Marriage Arranged for King Richard

Queen Eleanor has arranged for King Richard to marry Princess Berengia, daughter of the King of Navarre.

Queen Eleanor
  • Despite her 68 years, Queen Eleanor (pictured left) travelled from Normandy over the Pyrenees to negotiate with the King of Navarre for the betrothal of his daughter Berengia to Richard, even though Richard was already betrothed to Philip's sister Alice. She then brought Princess Berengia on an exhausting journey across the Alps to Sicily.
  • This page reports on Philip's Anger how the fleet is Blown Off Course on the way to Outremer, and how the royal ship is shipwrecked on Cyprus.
Philip's Anger

King Richard immediately broke off his betrothment to King Philip's sister Alice even though the couple had been betrothed for more than twenty years. King Philip was furious that his sister should be discarded in this insulting fashion.

'I have no intention of marrying my father's whore,' Richard bluntly told Philip and offered to call witnesses to swear that Alice had been a mistress of his own father King Henry II, and had borne him a child. The English and French Kings almost came to blows.

Philip was already in a bad temper after having failed to ally himself with King Tancred of Sicily - Richard had upstaged him by signing his own treaty of friendship with the Sicilian king. The treaty had been sealed when Richard gave Tancred King Arthur's sword Excalibur and Richard received four transport ships and fifteen war galleys in return.

When tempers had cooled, King Philip offered to release King Richard from his promise to marry Alice as long as he returned the Princess to her own French people. In compensation, Richard offered Philip 10,000 marks.

Intending to marry Princess Berengia in the Holy Land, King Richard put her in a separate ship under the wing of his sister Queen Joanna when they set sail with the crusading army from Messina. Unfortunately the fleet ran into a storm.

Blown Off Course

The wind was sleepy when the crusader fleet sailed from Sicily for the Holy Land. Queen Mother Eleanor had already left for Rome carrying messages from King Richard for the new Pope Celestine III, an old friend from the early days of her first marriage. Walter, Archbishop of Rouen, travelled with her carrying letters from the King giving him authority to act between Earl John and Chancellor Longchamps. He hoped to prevent further trouble at home.

King Richard also sent a message to the embattled crusaders at Acre explaining the delays he had suffered but that he was now on his way.

The crusader fleet out of Messina consisted of 200 ships of which 50 were galleys - slender warships with long keels propelled by two banks of oars. With a crew of 15 sailors they were big enough to hold 40 knights with their war-horses and gear and the same number of foot-soldiers. Princess Berengia

Princess Berengia (pictured right) and Queen Joanna were in a separate ship from the King who sailed at the head of his fleet. Despite little wind at first, a storm blew up on Good Friday and though Richard tried to keep the fleet together, the gale worsened, throwing many ships off course. After much praying by the crusaders, the storm eventually subsided and although most of the fleet arrived safely at Crete, 25 ships went missing, including the ship carrying Princess Berengia and Queen Joanna.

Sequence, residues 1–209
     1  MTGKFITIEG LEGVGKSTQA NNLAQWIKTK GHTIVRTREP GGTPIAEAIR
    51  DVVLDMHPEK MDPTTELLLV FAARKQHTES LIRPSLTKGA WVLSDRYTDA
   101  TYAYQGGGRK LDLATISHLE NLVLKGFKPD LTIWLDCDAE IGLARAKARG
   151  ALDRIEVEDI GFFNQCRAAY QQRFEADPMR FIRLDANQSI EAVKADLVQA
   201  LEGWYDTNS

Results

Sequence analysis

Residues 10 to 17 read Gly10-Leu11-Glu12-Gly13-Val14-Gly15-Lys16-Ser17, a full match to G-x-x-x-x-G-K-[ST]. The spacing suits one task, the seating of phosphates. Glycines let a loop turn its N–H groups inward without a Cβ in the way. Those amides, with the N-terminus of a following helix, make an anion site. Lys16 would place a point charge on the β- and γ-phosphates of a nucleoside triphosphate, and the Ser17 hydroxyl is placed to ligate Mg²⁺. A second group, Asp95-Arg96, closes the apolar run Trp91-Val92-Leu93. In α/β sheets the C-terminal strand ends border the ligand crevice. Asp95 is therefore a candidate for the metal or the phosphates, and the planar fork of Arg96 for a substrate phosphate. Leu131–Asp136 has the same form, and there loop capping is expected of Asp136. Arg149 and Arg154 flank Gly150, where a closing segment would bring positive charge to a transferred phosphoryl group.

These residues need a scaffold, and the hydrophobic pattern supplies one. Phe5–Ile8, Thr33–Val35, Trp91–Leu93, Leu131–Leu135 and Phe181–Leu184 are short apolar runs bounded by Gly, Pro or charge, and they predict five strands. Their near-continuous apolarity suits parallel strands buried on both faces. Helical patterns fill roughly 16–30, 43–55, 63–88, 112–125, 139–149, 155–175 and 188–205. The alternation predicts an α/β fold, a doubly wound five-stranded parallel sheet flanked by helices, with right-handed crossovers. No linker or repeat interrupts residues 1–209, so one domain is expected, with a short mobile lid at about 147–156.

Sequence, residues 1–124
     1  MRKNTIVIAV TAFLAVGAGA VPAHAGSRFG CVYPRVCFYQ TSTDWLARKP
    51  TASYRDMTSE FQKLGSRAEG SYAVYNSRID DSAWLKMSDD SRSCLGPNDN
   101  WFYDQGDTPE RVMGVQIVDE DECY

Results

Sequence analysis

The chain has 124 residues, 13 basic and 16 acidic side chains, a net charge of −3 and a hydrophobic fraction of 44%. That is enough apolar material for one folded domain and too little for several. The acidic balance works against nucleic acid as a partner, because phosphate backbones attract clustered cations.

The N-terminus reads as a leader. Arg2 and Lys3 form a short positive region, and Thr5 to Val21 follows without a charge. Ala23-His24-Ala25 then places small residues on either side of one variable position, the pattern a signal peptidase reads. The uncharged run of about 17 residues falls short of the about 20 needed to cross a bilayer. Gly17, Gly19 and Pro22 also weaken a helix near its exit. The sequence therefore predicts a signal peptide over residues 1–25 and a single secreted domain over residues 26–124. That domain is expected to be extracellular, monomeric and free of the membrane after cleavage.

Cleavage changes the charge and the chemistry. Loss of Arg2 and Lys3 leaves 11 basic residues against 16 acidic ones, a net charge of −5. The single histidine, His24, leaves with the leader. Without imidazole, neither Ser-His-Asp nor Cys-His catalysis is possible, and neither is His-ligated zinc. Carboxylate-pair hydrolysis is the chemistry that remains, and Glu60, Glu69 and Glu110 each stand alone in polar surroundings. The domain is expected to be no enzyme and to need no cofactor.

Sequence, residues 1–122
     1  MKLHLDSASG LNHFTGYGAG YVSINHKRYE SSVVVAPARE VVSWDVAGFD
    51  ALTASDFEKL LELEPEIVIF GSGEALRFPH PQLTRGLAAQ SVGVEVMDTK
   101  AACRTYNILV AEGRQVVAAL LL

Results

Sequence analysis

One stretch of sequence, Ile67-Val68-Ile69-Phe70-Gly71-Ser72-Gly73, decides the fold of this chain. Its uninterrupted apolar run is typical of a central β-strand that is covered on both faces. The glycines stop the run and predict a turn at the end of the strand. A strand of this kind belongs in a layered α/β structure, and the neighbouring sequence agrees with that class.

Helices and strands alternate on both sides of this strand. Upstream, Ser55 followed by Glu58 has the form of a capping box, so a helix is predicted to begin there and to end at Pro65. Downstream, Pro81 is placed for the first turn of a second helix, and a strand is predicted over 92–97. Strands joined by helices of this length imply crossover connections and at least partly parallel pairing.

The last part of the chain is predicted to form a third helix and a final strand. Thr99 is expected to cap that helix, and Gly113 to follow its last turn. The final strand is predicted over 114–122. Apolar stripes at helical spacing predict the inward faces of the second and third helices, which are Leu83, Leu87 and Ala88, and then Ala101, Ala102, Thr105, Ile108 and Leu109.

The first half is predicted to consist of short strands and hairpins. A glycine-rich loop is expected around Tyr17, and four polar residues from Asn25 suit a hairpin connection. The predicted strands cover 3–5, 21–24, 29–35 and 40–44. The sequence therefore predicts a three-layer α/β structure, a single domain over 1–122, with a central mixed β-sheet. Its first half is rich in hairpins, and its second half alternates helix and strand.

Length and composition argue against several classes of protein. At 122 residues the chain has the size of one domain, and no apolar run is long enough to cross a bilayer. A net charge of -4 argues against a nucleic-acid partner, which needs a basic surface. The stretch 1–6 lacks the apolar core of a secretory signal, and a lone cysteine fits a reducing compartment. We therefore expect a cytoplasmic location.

The fleet sailed on to Rhodes and since it happened that the King was ill and somewhat suffering, he left it to his galleys to desperately scourge the seas for the lost ships.


Ten days after the storm, Joanna and Berengia's ship was found almost wrecked but safely berthed at Limassol, the chief port on the south coast of Cyprus. The local Greeks were holding the crews of three other wrecked crusader ships in a fort close by. lsaac Comnenus, the devious governor of Cyprus - he had used forged papers to seize the island - had an alliance with Saladin and regularly ransomed shipwrecked mariners. Expecting a trap, Joanna politely declined Isaac's offer to come ashore so Isaac refused permission for her crew to come ashore for food and wine.

When Richard's fleet appeared on the horizon, Isaac panicked and ordered the citizens of Limassol to build a barricade on the beach with doors, shutters, old ships, or anything they could lay their hands on. He drew up his troops behind it.

The shipwrecked crews held by the Greeks in the fort spotted their own fleet and began to fight their way out. Richard stormed ashore at the head of his men, and the Greeks, caught between the invading sailors from the ships and their companions from the fort, promptly retreated: 'Our men along the beach poured out, striking and putting them to rout. They were hard pushed and beaten down, and driven back into the town.'Governor Isaac Fleeing on his horse Flavel

Governor Isaac (pictured right) fled on his horse with Richard chasing after him on foot, shouting: 'Come Emperor and joust!' But jousting was the last thought on the Emperor's mind and he flew like the wind.

The crusaders soon occupied Limassol and King Richard brought Princess Berengia and his sister Joanna safely ashore.

King Richard Sets Off
Two Kings in Sicily
Siege of Acre
Marriage Arranged
King Richard Weds
Arrival at Acre
Acre Falls
Battle of Arsuf
Retreat from Holy City
King Richard's Crusade


Saladin Defeated at Jaffa
King Richard Captured
Eleanor of Aquitaine
William Marshall
Earl John
Chancellor Longchamps
Double Dealing
Attack on Nottm. Castle
Sherwood Times